Ask the Brains; October/November 2007; Scientific American Mind; by Gregory Hickok and Carol Padden, Mark A. W. Andrews; 1 Page(s)
Just like hearing people, deaf people can mentally rehearse a speech, mull over a conversation in their head or simply ramble internally about the day's happenings, all in the form of mental images of signs. To get a sense of what talking to yourself in sign language might be like, imagine waving good-bye or blowing a kiss--you are "talking to yourself" in gestures. Now imagine knowing a whole language of signs complete with grammar that would give you the capacity to converse with yourself internally about anything you like. Deaf people who use any of the world's sign languages certainly have this capacity and indeed talk to themselves regularly in signs just as hearing people talk to themselves in speech.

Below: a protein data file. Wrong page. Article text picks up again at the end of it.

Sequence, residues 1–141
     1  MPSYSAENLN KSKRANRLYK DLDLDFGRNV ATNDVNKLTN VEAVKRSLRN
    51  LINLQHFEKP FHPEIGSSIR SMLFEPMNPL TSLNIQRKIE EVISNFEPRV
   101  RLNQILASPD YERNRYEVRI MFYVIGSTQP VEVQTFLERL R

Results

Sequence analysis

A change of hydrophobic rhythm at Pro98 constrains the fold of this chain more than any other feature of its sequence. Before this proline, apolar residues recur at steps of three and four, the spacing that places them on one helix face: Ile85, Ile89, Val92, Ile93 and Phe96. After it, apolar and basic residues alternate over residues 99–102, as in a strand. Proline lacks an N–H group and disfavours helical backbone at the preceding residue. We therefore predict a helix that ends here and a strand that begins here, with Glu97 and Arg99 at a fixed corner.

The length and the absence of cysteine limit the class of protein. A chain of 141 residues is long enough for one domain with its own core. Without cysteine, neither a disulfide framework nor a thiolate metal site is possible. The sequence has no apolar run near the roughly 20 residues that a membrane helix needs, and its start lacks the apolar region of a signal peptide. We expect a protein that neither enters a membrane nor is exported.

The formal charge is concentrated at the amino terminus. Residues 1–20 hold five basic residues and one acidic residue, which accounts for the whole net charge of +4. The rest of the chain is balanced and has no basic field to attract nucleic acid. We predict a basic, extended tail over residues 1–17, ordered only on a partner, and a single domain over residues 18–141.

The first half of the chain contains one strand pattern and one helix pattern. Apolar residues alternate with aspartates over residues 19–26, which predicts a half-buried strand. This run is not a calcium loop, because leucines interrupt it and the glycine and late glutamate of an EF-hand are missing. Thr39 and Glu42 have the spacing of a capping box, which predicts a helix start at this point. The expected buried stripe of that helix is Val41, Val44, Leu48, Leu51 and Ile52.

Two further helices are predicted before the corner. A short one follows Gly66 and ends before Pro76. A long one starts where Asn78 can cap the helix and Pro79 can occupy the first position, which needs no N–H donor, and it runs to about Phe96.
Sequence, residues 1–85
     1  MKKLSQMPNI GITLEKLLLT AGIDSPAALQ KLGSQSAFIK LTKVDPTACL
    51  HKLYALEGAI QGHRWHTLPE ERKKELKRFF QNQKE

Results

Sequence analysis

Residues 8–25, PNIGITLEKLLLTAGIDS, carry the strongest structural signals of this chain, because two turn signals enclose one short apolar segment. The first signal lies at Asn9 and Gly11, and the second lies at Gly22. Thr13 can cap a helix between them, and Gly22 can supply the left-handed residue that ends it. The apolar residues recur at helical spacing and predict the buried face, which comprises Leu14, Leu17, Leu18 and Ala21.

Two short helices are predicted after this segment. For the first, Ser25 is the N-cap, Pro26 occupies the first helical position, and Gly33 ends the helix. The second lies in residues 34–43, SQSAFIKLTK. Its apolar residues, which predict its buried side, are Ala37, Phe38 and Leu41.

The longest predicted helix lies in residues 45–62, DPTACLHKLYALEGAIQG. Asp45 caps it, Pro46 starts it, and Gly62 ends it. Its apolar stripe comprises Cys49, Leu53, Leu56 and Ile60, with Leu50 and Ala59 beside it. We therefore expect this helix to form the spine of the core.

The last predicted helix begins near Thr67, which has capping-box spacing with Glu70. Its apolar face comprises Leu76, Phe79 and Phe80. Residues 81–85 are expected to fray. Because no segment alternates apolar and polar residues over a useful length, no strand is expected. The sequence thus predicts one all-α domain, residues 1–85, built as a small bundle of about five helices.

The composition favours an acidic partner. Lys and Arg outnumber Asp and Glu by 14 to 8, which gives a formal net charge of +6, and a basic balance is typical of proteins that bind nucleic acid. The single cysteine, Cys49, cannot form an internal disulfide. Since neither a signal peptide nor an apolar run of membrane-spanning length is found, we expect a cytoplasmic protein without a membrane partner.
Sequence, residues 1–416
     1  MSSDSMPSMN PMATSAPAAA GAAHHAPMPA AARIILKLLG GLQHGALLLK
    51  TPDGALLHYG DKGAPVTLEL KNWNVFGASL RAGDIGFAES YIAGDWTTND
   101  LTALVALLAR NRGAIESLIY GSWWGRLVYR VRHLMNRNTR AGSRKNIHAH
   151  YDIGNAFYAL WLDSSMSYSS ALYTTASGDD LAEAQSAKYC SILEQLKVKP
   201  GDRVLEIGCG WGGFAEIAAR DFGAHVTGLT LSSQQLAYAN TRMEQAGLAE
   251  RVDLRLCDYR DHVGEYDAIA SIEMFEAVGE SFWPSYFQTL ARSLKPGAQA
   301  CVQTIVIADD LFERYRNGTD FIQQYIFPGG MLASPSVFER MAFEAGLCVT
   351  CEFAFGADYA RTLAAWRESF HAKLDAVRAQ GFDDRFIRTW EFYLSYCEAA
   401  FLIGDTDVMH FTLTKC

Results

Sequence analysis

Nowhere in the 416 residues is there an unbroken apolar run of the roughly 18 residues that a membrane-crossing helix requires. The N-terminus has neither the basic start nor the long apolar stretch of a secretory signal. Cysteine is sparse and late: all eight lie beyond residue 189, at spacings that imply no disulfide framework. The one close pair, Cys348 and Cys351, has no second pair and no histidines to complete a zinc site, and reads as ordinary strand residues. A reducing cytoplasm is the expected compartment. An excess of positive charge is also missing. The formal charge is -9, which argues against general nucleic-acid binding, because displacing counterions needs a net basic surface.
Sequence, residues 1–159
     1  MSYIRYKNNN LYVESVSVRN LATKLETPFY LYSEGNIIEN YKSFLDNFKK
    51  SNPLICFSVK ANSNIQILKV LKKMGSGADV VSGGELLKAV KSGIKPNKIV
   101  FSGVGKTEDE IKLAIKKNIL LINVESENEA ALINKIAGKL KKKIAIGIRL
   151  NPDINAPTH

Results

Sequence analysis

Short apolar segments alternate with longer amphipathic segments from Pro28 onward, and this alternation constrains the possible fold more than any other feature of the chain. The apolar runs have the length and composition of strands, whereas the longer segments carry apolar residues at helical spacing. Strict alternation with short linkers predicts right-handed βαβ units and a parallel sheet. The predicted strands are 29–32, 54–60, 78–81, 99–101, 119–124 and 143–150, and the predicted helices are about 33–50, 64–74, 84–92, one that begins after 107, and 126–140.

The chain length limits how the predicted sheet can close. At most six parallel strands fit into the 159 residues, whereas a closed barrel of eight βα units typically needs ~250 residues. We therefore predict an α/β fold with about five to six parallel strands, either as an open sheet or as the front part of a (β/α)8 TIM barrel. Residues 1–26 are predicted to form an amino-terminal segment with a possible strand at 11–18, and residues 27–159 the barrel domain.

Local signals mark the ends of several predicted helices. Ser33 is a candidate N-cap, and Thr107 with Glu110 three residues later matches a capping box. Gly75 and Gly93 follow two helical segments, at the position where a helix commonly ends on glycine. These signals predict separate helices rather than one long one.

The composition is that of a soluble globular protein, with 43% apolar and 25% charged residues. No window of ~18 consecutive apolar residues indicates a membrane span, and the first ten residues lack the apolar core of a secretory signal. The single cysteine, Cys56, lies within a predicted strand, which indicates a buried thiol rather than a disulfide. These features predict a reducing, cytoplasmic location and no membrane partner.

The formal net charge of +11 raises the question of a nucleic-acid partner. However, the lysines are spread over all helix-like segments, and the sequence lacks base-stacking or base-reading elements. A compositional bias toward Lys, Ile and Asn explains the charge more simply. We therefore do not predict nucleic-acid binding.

Brain-imaging experiments have mapped the major circuits involved in what is often referred to as inner speech (or in the case of sign language, inner sign). A study by one of us (Hickok), for example, monitored neural activity in the brains of deaf signers who were asked to rehearse sets of signs mentally. Inner signing activated a network of regions that are known to be involved in the overt production of sign language, including areas of the frontal, parietal and temporal lobes. Some of these same regions, particularly those in the left frontal lobe, are also involved in the inner speech of hearing people. These frontal regions have long been associated specifically with speech functions, but their involvement in sign language and in complex motor behaviors beyond language has suggested a more general function, such as the selection or inhibition of complex action plans.